Three weeks after the federal student loan payment pause ended, borrowers are still waiting to hear what’s next.
WASHINGTON — With just three weeks until the end of the federal pause in student loan payments, borrowers have been left in limbo as President Joe Biden remains silent on whether he will forgive millions of Americans student debt and whether the payments will end after the moratorium to resume on August 31st.
The White House said Biden would make a decision by the end of August, after the president initially said in April he would announce a decision within “a couple of weeks.”
“If he’s ready to make that decision, we’ll let you know,” White House press secretary Karine Jean-Pierre said during a Tuesday news briefing. Jean-Pierre said “no decisions had been made” on whether to cancel the debt or extend the payment pause.
If Biden doesn’t extend the pause, student loan payments will start again on September 1 and interest rates will start up again.
Federal student loan borrowers have not had to make loan payments since March 2020, when then-President Trump signed the CARES Act into law and suspended payments and interest accrual. Biden has extended the moratorium four times during his presidency.
During the campaign, Biden supported the $10,000 per borrower waiver. But internal negotiations have dragged on for months, while some Democrats are urging the president to do more and Republicans are firmly opposed to any mass debt forgiveness.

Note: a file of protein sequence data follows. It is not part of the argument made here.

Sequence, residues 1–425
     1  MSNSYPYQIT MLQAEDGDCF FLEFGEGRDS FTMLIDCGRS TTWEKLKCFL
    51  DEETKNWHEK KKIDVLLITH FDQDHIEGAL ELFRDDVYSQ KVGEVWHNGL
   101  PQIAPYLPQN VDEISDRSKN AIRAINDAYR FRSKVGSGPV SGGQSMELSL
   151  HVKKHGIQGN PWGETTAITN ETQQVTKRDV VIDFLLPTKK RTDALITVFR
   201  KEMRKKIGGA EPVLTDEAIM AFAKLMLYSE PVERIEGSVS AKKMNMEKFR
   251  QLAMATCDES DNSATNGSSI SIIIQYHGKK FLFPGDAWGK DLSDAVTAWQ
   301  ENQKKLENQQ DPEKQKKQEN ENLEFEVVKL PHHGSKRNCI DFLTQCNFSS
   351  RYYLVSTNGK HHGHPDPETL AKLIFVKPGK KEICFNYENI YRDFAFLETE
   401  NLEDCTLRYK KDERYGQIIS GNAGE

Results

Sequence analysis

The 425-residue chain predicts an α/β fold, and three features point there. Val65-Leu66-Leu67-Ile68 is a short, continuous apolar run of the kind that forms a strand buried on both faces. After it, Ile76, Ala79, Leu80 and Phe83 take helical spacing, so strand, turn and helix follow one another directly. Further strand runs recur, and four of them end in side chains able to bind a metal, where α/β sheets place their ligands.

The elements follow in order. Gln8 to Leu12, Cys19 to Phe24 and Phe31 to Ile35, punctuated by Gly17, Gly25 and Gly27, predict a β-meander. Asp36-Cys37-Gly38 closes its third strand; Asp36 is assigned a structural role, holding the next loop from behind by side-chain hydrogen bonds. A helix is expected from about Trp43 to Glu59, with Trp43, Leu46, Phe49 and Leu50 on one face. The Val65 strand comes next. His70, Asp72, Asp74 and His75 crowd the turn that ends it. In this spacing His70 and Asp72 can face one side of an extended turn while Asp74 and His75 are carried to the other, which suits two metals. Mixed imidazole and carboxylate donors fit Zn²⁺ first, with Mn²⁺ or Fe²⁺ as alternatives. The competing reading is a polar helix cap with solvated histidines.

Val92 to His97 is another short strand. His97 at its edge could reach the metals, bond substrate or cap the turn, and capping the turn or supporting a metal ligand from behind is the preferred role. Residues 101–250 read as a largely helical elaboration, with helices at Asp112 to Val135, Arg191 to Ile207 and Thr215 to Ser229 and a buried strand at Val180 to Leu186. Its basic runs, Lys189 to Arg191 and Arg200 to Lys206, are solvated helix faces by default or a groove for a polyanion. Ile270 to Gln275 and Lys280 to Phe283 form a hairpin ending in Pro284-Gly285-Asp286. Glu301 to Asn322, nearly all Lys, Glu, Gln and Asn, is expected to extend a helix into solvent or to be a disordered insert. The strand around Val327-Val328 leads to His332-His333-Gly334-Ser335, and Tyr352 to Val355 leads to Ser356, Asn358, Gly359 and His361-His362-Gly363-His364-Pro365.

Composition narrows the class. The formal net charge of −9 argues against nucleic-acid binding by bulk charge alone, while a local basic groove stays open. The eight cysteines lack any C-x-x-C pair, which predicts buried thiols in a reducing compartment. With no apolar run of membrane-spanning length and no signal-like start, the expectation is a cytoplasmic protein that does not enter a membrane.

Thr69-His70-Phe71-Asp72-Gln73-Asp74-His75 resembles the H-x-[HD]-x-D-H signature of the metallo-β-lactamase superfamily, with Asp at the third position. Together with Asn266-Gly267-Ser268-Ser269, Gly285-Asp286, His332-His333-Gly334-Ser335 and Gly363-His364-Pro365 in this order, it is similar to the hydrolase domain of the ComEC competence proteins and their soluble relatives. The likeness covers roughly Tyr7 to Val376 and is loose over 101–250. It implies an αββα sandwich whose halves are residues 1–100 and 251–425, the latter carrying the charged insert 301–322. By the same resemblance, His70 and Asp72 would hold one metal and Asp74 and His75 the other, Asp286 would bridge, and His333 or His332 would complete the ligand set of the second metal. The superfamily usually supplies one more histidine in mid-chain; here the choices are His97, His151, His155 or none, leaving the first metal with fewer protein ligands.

While it’s unclear whether Biden will issue widespread debt relief, it’s unlikely the president would resume making required payments so close to the midterm elections and with such little notice to borrowers. In late July, the Department of Education ordered student loan servicers not to contact borrowers about resuming payments, according to The Wall Street Journal and NBC News reported, suggesting an extension of the hiatus.
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When could it come into effect?
According to Politico The Department of Education has drawn up plans for possible widespread debt relief on a scale unprecedented in the history of the federal student loan program.
If Biden gives the green light, the Department of Education stands ready to forgive many borrowers who have filed income information with the agency within weeks, documents obtained by Politico show, such as: B. Borrowers who have already certified their income have income-based repayment schedules. While this applies to several million borrowers, most other borrowers would self-report their income to confirm their eligibility through the federal student aid website, Politico reports.
The plans show that the Department of Education is preparing to allow all types of student loans to be waived, including grad and Parent PLUS loans, Politico said.
Who would qualify?
The White House is considering an income cap for the loan forgiveness. according to the Washington Post. Though nothing has been finalized, The Washington Post reported that the cap under consideration would be $125,000 or $150,000 for single applicants and $250,000 or $300,000 for married couples applying together.
According to CNBC, More than three-quarters of borrowers would likely still qualify for forgiveness under these rules.
Borrowers with private student loans should not experience any relief. Because their debt is held by private companies, these loans are not subject to the federal government’s payment pause or debt forgiveness.
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